So anyway, yes, I think I’d be grossed out if I had to watch two characters with rolls and rolls of fat kissing each other … because I’d be grossed out if I had to watch them doing anything. To be brutally honest, even in real life, I find it aesthetically displeasing to watch a very, very fat person simply walk across a room — just like I’d find it distressing if I saw a very drunk person stumbling across a bar or a heroine addict slumping in a chair.

She goes on to write:

But … I think obesity is something that most people have a ton of control over. It’s something they can change, if only they put their minds to it.

(I’m happy to give you some nutrition and fitness suggestions if you need them — but long story short, eat more fresh and unprocessed foods, read labels and avoid foods with any kind of processed sweetener in them whether it’s cane sugar or high fructose corn syrup, increase the amount of fiber you’re getting, get some kind of exercise for 30 minutes at least five times a week, and do everything you can to stand up more — even while using your computer — and walk more. I admit that there’s plenty that makes slimming down tough, but YOU CAN DO IT! Trust me. It will take some time, but you’ll also feel so good, physically and emotionally. A nutritionist or personal trainer will help — and if you can’t afford one, visit your local YMCA for some advice.)

You’re waiting for the context for these comments, and unfortunately, I can’t offer much in the way of a defense. Obviously, this article offended Marie Claire readers. In fact, the article received 3,860 comments, varying in severity and disapproval (with some offering support).

As a result of the backlash, Kelly posted an “update” (my interpretation: presumably-forced apology) that reads:

I would really like to apologize for the insensitive things I’ve said in this post. Believe it or not, I never wanted anyone to feel bullied or ashamed after reading this, and I sorely regret that it upset people so much. A lot of what I said was unnecessary. It wasn’t productive, either.

I know a lot of people truly struggle to lose weight — for medical and psychological reasons — and that many people have an incredibly difficult time getting to a healthy size. I feel for those people and I’m truly sorry I added to the unhappiness and pain they feel with my post.

I would like to reiterate that I think it’s great to have people of all shapes and healthy sizes represented in magazines (as, it bears mentioning here, they are in Marie Claire) and on TV shows — and that in my post, I was talking about a TV show that features people who are not simply a little overweight, but appear to be morbidly obese. (Morbid obesity is defined as 100 percent more than their ideal weight.)  And for whatever it’s worth, I feel just as uncomfortable when I see an anorexic person as I do when I see someone who is morbidly obese, because I assume people suffering from eating disorders on either end of the spectrum are doing damage to their bodies, and that they are unhappy. But perhaps I shouldn’t be so quick to judge based on superficial observations.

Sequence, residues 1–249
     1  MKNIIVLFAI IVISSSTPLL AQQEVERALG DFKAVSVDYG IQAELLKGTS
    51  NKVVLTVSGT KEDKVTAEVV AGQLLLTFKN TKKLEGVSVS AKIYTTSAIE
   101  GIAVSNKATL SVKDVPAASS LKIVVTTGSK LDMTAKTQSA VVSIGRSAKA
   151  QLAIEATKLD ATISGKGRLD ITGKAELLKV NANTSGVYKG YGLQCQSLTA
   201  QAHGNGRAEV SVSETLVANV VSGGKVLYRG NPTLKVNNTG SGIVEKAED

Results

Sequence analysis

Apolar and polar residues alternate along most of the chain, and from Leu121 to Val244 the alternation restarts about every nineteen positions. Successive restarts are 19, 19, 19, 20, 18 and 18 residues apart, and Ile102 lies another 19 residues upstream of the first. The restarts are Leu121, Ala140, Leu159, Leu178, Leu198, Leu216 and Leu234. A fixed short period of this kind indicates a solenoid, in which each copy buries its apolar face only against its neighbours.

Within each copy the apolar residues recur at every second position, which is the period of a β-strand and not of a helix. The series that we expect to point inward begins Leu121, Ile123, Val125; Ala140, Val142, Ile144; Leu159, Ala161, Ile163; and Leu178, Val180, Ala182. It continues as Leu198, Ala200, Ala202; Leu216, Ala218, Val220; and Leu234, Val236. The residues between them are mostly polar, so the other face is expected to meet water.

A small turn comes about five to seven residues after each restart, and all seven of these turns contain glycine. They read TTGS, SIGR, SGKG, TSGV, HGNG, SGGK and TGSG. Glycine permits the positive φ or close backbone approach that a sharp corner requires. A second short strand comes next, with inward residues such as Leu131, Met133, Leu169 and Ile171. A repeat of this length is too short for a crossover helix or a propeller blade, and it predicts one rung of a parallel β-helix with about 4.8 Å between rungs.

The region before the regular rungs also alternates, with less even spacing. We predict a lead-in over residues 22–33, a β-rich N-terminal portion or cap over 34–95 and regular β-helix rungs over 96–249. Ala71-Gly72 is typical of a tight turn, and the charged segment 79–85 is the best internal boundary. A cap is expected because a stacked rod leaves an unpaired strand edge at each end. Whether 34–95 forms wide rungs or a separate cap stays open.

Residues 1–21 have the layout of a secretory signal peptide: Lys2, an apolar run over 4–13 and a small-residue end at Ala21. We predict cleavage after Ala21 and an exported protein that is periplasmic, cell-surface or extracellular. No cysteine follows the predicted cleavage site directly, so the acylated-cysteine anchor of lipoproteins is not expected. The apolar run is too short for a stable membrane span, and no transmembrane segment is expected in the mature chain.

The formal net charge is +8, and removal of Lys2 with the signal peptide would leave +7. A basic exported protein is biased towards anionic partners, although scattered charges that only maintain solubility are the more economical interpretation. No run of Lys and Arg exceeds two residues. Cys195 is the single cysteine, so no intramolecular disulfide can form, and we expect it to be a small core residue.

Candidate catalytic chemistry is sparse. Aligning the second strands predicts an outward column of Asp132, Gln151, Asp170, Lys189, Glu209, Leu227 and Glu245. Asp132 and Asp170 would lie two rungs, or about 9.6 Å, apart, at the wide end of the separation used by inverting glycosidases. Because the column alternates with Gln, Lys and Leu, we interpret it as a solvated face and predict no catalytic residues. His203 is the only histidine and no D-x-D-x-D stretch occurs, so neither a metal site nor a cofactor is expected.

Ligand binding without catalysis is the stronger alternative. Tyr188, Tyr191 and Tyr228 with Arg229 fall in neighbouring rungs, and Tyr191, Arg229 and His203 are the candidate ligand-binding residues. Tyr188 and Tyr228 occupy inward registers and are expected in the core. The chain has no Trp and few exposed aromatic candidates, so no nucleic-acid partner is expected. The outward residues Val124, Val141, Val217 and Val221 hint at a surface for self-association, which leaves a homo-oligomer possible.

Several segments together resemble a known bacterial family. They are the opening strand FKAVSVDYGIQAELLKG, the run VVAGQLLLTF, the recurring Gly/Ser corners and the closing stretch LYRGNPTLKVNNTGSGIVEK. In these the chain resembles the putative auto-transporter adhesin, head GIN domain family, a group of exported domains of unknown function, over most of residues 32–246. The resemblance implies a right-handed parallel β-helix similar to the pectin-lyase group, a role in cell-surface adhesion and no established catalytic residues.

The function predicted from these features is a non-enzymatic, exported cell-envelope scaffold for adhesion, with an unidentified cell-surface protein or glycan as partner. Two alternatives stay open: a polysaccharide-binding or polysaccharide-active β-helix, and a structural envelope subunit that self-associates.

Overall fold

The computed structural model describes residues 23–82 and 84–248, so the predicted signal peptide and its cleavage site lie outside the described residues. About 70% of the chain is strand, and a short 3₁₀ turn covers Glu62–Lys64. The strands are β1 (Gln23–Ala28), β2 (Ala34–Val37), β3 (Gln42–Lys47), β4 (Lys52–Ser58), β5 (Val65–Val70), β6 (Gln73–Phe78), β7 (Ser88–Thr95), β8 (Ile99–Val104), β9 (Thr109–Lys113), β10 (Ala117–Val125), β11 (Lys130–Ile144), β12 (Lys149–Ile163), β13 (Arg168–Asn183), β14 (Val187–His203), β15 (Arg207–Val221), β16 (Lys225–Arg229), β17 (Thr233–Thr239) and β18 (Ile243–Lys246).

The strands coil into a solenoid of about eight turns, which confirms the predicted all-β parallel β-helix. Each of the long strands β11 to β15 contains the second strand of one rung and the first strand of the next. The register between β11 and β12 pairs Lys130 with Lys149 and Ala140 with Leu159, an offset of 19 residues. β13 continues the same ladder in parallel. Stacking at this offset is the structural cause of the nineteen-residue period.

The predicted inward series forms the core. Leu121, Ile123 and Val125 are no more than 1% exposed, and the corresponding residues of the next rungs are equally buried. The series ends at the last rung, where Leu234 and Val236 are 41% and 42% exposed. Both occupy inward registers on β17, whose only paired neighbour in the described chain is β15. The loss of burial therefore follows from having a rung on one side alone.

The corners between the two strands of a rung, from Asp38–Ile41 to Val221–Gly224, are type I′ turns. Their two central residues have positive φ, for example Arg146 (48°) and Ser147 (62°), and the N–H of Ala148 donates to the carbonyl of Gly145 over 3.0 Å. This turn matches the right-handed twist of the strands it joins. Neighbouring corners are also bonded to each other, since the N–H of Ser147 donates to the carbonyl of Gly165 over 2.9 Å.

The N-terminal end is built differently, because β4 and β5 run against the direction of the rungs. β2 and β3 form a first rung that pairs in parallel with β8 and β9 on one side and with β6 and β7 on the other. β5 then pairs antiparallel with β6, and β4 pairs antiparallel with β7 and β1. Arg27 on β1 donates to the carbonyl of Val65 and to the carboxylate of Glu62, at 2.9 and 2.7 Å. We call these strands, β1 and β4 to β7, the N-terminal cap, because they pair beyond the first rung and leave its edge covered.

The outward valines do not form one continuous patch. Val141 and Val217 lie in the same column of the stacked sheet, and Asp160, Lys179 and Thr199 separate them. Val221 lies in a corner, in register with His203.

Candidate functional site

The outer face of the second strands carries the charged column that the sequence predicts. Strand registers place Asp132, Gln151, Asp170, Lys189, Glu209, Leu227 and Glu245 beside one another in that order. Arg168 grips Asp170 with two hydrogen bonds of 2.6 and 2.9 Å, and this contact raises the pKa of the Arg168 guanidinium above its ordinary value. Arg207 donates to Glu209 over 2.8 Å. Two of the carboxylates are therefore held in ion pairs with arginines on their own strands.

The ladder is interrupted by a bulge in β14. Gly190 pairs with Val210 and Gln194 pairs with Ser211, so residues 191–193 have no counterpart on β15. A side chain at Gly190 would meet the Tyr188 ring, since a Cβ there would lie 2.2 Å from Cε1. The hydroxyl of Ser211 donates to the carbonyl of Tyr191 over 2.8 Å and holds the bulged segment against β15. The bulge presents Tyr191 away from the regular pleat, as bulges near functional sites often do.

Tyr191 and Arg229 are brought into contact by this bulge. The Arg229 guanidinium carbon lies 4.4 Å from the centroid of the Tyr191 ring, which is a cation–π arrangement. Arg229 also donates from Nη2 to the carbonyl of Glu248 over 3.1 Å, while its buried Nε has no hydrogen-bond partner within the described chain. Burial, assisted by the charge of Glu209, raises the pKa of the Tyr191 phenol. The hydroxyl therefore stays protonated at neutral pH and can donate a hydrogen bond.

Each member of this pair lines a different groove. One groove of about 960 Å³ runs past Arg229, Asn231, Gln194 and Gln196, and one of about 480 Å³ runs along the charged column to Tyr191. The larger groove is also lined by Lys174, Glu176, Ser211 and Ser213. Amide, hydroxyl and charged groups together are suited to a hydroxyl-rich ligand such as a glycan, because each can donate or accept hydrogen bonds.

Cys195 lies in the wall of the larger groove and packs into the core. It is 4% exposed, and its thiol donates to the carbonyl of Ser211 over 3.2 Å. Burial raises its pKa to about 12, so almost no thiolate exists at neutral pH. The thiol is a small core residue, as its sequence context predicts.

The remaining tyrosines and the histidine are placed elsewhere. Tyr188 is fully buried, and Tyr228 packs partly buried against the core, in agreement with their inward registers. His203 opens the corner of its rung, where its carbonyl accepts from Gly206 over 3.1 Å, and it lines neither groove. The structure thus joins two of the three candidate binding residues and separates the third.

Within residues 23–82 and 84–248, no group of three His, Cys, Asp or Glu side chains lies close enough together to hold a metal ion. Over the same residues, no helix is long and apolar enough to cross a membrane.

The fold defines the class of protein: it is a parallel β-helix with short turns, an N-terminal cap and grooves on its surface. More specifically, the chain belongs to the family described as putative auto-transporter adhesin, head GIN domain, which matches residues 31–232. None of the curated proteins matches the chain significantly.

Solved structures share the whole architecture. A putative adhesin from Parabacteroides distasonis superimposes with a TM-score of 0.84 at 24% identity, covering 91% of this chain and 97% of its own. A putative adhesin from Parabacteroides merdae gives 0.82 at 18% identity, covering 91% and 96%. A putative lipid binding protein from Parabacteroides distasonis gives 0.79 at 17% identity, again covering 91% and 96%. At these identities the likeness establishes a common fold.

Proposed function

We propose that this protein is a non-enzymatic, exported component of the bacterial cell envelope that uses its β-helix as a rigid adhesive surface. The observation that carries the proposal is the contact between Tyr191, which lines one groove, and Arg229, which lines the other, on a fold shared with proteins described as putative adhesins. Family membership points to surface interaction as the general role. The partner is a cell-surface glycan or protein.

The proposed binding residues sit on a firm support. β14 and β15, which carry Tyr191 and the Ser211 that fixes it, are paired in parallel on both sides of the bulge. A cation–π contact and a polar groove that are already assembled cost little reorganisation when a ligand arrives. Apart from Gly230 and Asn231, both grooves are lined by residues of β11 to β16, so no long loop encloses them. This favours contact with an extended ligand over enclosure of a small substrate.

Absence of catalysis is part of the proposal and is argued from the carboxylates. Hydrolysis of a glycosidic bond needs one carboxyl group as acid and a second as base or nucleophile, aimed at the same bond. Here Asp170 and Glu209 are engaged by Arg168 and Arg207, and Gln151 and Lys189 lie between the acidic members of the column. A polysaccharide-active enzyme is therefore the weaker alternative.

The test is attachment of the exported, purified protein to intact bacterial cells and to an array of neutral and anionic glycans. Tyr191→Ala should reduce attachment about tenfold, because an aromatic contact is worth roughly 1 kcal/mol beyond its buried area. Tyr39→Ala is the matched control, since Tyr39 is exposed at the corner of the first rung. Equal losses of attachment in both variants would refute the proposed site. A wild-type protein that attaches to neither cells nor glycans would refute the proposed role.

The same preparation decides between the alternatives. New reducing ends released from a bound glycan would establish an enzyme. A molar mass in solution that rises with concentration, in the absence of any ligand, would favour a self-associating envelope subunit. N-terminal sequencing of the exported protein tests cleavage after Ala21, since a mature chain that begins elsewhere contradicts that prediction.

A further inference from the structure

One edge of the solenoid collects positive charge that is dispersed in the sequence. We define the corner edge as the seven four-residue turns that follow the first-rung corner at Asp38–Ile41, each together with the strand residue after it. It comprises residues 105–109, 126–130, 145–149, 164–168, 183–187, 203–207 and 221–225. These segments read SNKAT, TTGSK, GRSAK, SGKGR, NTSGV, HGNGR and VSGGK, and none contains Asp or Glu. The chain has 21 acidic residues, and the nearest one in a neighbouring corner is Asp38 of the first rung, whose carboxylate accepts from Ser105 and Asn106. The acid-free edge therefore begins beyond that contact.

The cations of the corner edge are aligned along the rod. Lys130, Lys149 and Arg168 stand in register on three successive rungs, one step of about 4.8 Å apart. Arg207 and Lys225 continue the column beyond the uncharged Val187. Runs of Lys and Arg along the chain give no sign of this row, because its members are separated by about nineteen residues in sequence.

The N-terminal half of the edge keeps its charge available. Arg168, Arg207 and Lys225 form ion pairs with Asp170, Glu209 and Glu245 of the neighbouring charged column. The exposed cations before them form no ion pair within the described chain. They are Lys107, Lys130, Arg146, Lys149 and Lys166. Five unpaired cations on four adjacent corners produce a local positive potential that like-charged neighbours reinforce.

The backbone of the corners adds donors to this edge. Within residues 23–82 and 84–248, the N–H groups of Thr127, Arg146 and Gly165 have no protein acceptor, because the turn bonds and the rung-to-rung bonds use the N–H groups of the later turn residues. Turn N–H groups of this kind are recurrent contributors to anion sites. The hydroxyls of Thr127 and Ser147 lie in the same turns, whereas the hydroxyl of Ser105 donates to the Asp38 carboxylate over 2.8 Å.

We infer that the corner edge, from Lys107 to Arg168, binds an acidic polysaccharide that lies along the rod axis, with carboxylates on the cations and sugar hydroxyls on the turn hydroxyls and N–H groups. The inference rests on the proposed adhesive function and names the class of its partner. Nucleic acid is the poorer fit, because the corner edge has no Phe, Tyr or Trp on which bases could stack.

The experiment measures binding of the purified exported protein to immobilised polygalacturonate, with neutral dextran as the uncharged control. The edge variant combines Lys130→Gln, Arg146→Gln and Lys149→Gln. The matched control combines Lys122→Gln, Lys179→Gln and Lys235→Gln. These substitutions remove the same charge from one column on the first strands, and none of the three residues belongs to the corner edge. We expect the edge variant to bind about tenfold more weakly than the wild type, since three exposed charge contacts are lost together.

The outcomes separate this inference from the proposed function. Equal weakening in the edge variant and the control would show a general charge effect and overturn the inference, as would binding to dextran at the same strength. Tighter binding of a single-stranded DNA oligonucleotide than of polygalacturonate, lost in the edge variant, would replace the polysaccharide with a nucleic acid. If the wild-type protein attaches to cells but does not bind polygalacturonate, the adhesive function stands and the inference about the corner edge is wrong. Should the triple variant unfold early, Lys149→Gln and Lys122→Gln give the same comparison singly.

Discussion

To that point (and on a more personal level), a few commenters and one of my friends mentioned that my extreme reaction might have grown out of my own body issues, my history as an anorexic, and my life-long obsession with being thin. As I mentioned in the ongoing dialogue we’ve been carrying on in the comments section, I think that’s an accurate insight.

People have accused me of being a bully in my post. I never intended to be that — it’s actually the very last thing I want to be, as a writer or a person. But I know that I came off that way, and I really cannot apologize enough to the people whom I upset.

Now, do I understand freedom of expression? Sure I do. Could these remarks made by Kelly simply be a sincere example of wrong word choice? It’s possible, though appears not to be the case. Regardless of the motive or intent behind the article, the damage has been done, I’m afraid. Kelly’s comments failed to align with the the Marie Claire mission, which is:

Marie Claire is more than a pretty face. It is the fashion magazine with character, substance, and depth, for women with a point of view, an opinion, and a sense of humor.

The Marie Claire reader is interested in seeking out fashion, beauty, and shopping ideas from a magazine that brings her both inspiration and access—a magazine that challenges her mind as well as her sense of style. Each issue is edited for a sexy, stylish, confident woman who is never afraid to make intelligence a part of her wardrobe.

Marie Claire is a culturally relevant experience that touches women beyond the newsstand. We understand that our readers are more than any label or stereotype could place on them, and we celebrate that every reader is more than a pretty face.

Hmm. Well, these words are certainly hard to misinterpret. It appears to me, and more importantly to the readers of the magazine, that Kelly’s opinion undercuts every letter of the organization’s mission. And while I have no personal investment in the matter (I openly admit the only time I’ve read Marie Claire was in the check-out line at the grocery store), I can see how this flub would jeopardize relationships with readers.

What Do You Think: How should readers of Marie Claire feel about the situation? How would you respond? And what, if anything, should be done to remedy and repair the relationship with key publics who were offended by Kelly’s piece?